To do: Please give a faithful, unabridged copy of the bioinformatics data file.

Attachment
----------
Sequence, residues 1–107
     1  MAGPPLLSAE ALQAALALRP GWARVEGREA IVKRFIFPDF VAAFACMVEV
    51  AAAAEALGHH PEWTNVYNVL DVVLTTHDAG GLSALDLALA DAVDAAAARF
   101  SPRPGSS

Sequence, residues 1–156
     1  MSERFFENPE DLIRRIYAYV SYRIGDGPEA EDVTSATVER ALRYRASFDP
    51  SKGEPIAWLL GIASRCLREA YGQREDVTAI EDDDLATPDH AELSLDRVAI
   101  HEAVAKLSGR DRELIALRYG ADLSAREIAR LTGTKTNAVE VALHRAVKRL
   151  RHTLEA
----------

Sequence, residues 1–107
     1  MAGPPLLSAE ALQAALALRP GWARVEGREA IVKRFIFPDF VAAFACMVEV
    51  AAAAEALGHH PEWTNVYNVL DVVLTTHDAG GLSALDLALA DAVDAAAARF
   101  SPRPGSS

Sequence, residues 1–156
     1  MSERFFENPE DLIRRIYAYV SYRIGDGPEA EDVTSATVER ALRYRASFDP
    51  SKGEPIAWLL GIASRCLREA YGQREDVTAI EDDDLATPDH AELSLDRVAI
   101  HEAVAKLSGR DRELIALRYG ADLSAREIAR LTGTKTNAVE VALHRAVKRL
   151  RHTLEA